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Unlocking the Mystery of Bats and Viruses

Researchers have transformed adult bat cells into versatile stem cells, which can be transformed into many kinds of tissue. This could offer an easier way to study the relationship between bats and viruses, as they are notorious for hosting more viruses that are dangerous to people but not themselves. Researchers studying this question have been hampered by the fact that getting bat samples to study in the lab is difficult. To sidestep this problem, scientists had to find a way to create bat stem cells that could be kept in the lab and differentiated, as needed, into specific kinds of tissue.

The advance, described in Cell, is good news for bat scientists as the stem cell technique could help to conduct similar sequence-hunting studies in a wide range of other mammals, “and see if bats really are above average in this sense”. The study noticed something interesting – active viral sequences are present in the bat iPS cells.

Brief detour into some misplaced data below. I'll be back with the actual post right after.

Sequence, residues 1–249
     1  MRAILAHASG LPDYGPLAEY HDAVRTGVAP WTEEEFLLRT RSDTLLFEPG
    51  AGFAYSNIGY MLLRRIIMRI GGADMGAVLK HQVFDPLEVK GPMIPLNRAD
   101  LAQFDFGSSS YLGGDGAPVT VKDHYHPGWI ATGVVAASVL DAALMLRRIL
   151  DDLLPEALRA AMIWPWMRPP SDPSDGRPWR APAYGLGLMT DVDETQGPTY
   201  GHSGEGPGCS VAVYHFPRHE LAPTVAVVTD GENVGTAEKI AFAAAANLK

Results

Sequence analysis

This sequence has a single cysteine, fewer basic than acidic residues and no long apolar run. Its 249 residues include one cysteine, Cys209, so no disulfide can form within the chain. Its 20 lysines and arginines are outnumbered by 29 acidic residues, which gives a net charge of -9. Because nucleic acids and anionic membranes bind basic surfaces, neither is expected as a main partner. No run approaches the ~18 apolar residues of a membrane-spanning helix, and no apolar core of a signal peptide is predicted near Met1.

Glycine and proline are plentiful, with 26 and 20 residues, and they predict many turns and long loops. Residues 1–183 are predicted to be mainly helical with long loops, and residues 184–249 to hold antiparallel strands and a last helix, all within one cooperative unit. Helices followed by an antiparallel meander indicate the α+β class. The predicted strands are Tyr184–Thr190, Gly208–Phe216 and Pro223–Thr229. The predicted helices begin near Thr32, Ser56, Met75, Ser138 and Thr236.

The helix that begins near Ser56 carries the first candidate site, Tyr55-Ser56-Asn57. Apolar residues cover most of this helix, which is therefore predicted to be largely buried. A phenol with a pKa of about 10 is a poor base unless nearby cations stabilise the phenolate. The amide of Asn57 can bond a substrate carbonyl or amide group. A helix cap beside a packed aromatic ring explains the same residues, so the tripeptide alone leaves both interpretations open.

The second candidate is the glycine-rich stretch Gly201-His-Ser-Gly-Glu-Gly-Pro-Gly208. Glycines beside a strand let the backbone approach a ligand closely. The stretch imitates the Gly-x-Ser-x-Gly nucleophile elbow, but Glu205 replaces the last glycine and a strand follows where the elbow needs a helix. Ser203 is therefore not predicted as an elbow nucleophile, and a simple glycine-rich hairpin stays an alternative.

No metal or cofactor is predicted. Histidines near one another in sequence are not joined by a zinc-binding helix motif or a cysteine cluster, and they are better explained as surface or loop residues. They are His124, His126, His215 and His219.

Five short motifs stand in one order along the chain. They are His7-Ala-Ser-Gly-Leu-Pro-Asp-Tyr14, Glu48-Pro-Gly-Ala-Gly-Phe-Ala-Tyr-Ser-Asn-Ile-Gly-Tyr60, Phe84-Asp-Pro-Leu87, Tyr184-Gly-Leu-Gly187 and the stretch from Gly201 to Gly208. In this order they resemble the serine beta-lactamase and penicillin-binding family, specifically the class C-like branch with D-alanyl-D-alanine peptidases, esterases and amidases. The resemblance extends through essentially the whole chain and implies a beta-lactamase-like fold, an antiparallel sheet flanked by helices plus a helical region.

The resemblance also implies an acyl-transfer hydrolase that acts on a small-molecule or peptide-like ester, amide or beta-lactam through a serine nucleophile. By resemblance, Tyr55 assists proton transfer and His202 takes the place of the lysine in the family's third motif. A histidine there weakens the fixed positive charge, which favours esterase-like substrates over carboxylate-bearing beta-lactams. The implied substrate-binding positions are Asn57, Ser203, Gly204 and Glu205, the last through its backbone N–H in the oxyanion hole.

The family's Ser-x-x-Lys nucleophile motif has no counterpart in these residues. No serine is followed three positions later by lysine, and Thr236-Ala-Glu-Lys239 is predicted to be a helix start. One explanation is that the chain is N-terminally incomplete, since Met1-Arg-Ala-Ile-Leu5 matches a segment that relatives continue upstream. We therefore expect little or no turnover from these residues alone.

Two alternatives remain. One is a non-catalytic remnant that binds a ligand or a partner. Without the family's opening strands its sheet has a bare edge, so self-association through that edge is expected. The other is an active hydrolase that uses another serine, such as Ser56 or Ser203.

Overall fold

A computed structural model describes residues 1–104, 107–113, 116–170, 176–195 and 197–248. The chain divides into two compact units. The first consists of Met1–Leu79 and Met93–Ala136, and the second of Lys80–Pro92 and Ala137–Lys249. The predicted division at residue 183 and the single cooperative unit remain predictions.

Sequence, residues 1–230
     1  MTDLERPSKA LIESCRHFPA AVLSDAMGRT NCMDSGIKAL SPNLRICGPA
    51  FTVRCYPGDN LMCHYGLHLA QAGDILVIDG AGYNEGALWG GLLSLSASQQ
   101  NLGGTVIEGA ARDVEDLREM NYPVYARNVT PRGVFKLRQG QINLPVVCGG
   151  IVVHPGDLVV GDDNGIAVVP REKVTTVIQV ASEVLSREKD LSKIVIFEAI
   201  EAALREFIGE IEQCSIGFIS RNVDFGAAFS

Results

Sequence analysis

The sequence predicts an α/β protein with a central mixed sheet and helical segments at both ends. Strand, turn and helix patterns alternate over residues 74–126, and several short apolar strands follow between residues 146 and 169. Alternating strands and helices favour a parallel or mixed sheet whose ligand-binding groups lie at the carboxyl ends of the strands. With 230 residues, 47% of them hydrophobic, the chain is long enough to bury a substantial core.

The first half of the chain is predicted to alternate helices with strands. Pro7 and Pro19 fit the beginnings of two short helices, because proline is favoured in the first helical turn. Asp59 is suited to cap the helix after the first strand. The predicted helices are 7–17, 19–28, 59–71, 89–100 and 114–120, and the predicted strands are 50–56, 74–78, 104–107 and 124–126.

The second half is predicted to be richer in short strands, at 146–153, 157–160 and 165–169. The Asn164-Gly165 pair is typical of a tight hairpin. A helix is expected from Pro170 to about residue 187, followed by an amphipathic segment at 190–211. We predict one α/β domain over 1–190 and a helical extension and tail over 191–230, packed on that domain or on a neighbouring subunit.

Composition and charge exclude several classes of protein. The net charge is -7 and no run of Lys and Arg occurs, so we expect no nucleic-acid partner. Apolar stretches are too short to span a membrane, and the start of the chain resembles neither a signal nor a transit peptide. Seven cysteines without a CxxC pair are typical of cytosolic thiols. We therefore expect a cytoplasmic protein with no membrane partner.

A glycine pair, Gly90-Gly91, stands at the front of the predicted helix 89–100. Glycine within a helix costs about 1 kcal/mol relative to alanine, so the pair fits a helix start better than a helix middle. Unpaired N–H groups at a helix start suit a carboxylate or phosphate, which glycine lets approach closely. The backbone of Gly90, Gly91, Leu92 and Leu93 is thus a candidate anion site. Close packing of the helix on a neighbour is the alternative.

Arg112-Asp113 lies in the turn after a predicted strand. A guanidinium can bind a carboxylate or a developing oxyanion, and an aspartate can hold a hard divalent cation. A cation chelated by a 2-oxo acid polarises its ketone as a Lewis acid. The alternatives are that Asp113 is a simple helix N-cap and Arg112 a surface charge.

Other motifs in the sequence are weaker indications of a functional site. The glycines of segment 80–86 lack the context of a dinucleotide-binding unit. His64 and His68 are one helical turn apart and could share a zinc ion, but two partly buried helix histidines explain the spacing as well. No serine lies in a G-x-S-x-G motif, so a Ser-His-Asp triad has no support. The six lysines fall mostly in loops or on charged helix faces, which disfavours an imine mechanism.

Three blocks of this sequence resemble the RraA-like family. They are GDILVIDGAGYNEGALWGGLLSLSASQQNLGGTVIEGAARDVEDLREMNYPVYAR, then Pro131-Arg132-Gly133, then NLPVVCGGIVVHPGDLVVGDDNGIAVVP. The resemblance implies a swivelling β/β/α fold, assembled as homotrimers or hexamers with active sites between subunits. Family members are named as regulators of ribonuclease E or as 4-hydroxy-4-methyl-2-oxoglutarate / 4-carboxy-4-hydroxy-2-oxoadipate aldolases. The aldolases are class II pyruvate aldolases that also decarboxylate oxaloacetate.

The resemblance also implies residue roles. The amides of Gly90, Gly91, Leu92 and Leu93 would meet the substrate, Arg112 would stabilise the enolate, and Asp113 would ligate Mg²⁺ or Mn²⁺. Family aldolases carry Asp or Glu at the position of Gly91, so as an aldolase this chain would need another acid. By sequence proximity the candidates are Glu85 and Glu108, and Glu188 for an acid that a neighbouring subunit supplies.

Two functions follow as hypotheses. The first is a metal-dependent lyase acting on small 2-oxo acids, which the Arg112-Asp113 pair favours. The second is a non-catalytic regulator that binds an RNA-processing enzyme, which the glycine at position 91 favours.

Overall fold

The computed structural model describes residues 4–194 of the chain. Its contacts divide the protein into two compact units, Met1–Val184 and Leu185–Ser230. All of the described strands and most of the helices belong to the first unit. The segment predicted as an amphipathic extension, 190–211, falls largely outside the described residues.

The researchers propose that bats don’t restrain these active sequences because their replication may act as a defense strategy against other viruses or as a kind of self-vaccination. However, this remains speculation for now as scientists have proposed before that viruses and bats have a symbiotic relationship, and it is hard to prove.



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